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All you wanted to know about leadership trends this year

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The biggest worry on executives’ minds around the world isn’t recession, global competition, or labour relations. It’s not even cyber-security. New data shows that what’s keeping C-level executives up at night is their people strategies.

In the Global Leadership Forecast 2018, DDI, EY and The Conference Board have identified six leadership mega-trends, from 25,812 leaders and 2,547 HR professionals from 26 industries worldwide.

C-level executives rank developing next gen leaders and failure to attract and retain top talent as their biggest challenges in the coming years by a wide margin. The top six trends are listed below:

1. Digital is reshaping the workforce

Key finding: Digital pioneers — defined as the top 25% of organisations with the strongest digital leadership capabilities — financially outperform other companies by 50%.

ALSO READ: 26% of businesses in Singapore had a failed digital project in the last two years

The study showed that there are substantial differences in leaders’ skills at organisations considered “digital pioneers” compared with “digital laggards.”

2. Data is creating a more inclusive, agile, and fair workplace

Key finding: Organisations with more women in leadership are 1.4 times more likely to have sustained, profitable growth.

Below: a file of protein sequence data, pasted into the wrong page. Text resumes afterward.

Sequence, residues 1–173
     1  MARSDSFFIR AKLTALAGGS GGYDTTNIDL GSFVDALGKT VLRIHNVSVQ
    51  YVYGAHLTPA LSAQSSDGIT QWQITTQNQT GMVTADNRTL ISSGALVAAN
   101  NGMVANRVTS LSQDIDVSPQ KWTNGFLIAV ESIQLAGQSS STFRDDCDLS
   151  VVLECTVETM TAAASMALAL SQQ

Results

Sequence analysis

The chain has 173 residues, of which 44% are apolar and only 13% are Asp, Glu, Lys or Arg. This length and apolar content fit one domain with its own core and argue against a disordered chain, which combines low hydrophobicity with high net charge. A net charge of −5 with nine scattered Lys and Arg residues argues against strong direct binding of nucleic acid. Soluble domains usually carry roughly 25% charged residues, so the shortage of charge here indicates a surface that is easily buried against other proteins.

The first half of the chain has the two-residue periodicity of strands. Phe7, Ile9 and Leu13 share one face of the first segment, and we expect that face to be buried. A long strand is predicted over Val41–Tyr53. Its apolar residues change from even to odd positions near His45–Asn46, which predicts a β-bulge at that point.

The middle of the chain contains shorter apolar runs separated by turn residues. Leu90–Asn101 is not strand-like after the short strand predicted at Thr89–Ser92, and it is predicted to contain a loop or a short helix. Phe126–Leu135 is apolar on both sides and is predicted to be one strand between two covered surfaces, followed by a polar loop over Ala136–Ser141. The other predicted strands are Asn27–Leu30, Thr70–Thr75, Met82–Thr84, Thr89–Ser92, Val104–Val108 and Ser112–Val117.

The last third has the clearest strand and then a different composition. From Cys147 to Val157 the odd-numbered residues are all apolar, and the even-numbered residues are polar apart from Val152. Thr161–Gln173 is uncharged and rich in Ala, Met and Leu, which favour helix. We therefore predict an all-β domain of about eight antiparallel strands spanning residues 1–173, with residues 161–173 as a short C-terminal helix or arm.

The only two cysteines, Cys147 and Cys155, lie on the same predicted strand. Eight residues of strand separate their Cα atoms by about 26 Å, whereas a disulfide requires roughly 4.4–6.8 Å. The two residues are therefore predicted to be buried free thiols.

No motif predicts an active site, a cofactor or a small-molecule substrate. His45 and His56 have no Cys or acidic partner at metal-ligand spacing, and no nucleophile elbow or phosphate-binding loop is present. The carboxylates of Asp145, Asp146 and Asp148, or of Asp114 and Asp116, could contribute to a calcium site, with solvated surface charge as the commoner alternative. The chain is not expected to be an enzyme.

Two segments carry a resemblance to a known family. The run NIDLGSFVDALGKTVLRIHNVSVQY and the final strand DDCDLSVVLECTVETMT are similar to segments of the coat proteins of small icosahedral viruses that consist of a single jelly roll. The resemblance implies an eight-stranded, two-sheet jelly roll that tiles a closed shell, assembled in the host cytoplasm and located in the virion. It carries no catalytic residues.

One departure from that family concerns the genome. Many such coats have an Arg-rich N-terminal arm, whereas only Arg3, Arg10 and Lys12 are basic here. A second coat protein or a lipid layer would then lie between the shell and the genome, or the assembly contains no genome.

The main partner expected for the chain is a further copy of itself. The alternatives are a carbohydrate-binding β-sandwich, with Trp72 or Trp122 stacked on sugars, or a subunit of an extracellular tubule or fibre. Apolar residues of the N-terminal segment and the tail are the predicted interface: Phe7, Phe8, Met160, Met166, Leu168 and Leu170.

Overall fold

By tying people analytics to business results, organisations are seeing how greater diversity in leadership positively affects the bottom line, and how diverse leadership capabilities better prepare them to handle disruption.

3. A diverse, purpose-driven culture defines success

Key finding: Purpose-driven companies outperform the market by 42%.

Culture emerged as a major driver of leadership success in the study. For leadership strategies to succeed, organisations must build solid cultural cornerstones, such as a clearly communicated purpose, peer coaching, experimentation and psychological safety.


4. DIY doesn’t work

Key finding: 55% of organisations in the top third for financial performance have formalised mentoring.

Leaders are increasingly expected to work in shared leadership environments, and increasingly need to build relationships with mentorsto find success. Organisations that rely on a self-directed, insular approach to learning are failing to engage leaders in meaningful development.

5. Finding new sources of leadership potential is crucial

Key finding: Organisations that extend development of high-potential talent below senior levels are 4.2 times more likely to financially outperform those that don’t.

In the past, organisations have often had a narrow definition of the ‘type’ of person who has leadership potential, and have invested their resources into developing a very small group of people who meet that criteria. However, organisations that take a broader view of leadership potential prove to be more financially successful, feature stronger top leaders and have more women in leadership.



6. HR is losing its influence

Key finding: On average, companies excelling at people analytics are 3.1 times more likely to outperform their peers financially. But as HR’s digital skills continue to lag, attempts to adopt people analytics are increasingly failing.

Over the past three years, HR’s reputation has gotten worse, with more leaders now believing that HR is simply a ‘reactor’ that executes commands rather than an ‘anticipator’ that develops a people strategy that enables the organisation’s business strategy.

All images / Global Leadership Forecast 2018

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